Let’s do a little virtual wager. My side is that your job skills don’t match up well with your current job. On your side, you think you’ve got all those skills just because you have the experience.
1. You haven’t reviewed your job skills against the market
Just because you have all that experience doesn’t mean you have the job skills needed in today’s market. Don’t believe me? Go look at Dice job postings and look at that (daunting) list of skills needed to perform the job. Now, I personally don’t think you need ALL those job skills to do the job, but that’s the listing. It has a check mark box sitting next to the recruiter’s phone. The more check marks you have, the better your shot at a phone interview. How many check marks did you get? See?
2. You are in a new position and haven’t learned all the job skills
You might have 20 years of experience, but you just got (transferred) a new job. Saved you from a layoff, of course. Happy to have the job, of course. But your job skills don’t match what is needed for this job — you got it because you are a valuable employee and the company hopes you stay.
Not only do your job skills not match what’s needed in your current job (corporate reorganizations aren’t focused that well on your job skills matching a job…), but, worse, you are now in a position that doesn’t allow you to practice skills and learn new ones for the type of work you love to do. So you lose in relation to others doing the work you want. Plus, the probability of doing your new job well while not having the right skills will lead to poorer performance reviews. Great transfer, wasn’t it?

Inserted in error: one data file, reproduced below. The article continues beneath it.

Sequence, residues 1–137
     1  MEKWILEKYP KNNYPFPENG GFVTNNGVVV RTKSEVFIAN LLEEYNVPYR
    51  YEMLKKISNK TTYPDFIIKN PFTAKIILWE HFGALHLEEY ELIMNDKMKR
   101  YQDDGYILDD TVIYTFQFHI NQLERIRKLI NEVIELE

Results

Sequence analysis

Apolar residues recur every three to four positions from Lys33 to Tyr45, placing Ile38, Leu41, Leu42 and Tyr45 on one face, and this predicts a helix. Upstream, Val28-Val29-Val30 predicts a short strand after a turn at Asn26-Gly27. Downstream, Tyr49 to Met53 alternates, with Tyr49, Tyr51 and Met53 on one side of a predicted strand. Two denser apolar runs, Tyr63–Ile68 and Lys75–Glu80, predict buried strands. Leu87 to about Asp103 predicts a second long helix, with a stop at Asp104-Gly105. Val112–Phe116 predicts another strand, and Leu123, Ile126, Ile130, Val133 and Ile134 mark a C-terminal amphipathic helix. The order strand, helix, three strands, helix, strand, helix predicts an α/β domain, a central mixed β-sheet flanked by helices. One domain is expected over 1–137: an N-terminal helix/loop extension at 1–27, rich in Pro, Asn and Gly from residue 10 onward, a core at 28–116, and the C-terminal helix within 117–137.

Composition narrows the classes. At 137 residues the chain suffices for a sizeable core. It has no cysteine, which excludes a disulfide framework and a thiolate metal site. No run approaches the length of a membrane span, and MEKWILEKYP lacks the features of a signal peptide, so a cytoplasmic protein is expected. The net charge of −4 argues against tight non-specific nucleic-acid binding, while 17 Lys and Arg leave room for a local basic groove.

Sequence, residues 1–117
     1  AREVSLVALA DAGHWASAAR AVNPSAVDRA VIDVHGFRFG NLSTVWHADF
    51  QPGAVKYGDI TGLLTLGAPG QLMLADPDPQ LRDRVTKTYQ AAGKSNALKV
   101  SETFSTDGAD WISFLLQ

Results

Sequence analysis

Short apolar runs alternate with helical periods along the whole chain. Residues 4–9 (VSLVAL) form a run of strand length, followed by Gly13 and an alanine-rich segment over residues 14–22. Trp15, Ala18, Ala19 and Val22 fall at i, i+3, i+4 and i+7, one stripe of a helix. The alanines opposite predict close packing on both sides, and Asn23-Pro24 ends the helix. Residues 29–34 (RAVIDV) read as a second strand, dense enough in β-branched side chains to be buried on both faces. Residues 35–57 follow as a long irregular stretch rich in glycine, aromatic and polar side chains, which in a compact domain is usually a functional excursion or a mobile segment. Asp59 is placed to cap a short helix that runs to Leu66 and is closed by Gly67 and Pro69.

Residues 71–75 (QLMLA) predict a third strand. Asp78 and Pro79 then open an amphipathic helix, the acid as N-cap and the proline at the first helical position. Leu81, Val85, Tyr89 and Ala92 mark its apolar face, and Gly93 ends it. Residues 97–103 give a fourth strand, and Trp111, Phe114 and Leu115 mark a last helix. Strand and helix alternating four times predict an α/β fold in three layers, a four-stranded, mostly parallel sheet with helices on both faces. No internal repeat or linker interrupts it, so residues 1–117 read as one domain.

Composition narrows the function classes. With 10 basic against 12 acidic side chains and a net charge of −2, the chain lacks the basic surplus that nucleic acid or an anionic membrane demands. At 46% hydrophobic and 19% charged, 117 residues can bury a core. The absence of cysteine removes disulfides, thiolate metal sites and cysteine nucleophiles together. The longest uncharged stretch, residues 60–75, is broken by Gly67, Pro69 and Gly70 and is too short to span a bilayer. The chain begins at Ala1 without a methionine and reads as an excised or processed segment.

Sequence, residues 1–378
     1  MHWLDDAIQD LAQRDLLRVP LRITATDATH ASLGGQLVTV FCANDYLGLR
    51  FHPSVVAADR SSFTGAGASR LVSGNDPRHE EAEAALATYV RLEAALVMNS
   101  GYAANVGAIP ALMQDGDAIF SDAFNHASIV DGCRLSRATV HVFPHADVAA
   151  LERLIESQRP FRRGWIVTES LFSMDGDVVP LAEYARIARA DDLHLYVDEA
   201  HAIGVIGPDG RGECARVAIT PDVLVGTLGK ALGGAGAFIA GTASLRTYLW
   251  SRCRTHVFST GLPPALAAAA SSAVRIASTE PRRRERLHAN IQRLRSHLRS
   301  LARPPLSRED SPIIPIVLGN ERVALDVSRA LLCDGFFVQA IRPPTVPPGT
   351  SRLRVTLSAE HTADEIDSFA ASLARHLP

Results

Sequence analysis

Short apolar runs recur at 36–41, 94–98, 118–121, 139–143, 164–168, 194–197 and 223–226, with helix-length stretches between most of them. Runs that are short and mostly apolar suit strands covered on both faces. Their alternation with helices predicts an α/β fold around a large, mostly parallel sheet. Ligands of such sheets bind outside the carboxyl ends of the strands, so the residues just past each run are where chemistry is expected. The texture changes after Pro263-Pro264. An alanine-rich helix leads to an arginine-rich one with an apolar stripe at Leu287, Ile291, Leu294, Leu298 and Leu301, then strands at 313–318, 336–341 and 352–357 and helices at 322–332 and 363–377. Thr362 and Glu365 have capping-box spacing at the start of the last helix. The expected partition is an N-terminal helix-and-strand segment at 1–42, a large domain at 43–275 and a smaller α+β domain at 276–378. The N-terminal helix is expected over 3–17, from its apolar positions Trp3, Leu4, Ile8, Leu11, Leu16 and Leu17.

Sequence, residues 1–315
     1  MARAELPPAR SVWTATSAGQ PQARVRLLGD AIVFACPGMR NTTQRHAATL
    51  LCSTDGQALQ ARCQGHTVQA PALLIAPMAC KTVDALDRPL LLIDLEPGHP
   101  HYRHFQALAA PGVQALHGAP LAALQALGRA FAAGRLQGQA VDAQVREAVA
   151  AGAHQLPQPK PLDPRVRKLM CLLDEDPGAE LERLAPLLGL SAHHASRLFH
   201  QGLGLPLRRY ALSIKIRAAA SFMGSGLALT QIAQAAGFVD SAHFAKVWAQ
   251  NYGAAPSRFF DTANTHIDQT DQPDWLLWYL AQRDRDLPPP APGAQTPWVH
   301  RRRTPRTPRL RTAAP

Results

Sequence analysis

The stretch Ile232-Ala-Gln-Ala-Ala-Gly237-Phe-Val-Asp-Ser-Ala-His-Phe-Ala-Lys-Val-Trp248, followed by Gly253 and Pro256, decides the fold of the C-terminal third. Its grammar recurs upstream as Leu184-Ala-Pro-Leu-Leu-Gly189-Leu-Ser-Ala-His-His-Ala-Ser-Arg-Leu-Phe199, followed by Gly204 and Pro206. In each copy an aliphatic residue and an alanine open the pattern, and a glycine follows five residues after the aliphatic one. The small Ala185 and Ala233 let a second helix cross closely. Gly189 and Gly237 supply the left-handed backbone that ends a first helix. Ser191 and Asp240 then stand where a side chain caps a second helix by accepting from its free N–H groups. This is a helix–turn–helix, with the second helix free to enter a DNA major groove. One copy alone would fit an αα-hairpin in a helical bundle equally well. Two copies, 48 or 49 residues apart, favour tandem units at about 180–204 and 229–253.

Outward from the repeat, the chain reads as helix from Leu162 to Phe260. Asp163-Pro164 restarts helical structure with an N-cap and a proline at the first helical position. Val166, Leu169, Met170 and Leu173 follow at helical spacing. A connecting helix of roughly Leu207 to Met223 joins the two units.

3. You missed the fact you need to learn new job skills in your current job
Or, even if you are in the job you love, you get complacent. Hey — you’ve been a project manager for ten years, what would you need to learn?
Well, ten years ago, project managers didn’t really need to know Microsoft Project. Now you do. Ten years ago, you didn’t need to know Project Server. Now you do. Ten years ago, you didn’t need a PMP certification. Now you won’t get an interview for a project manager job until all the PMP’s are done.
All jobs are like this. It’s like learning algebra in eighth grade now instead of high school 20 years ago. Time marches on — and so does what you need to learn.
The point in all of this is not to bash you about your job skills. The point is that you are responsible for your career and you need to consistently review your job skills in relation to the market, what you want to do and learn while on the job. Complacency doesn’t cut it. Resting on laurels doesn’t either. Only consistent review and execution on your job to build your skills helps you get to employment (not job) security.
Isn’t it time for a review of your job skills?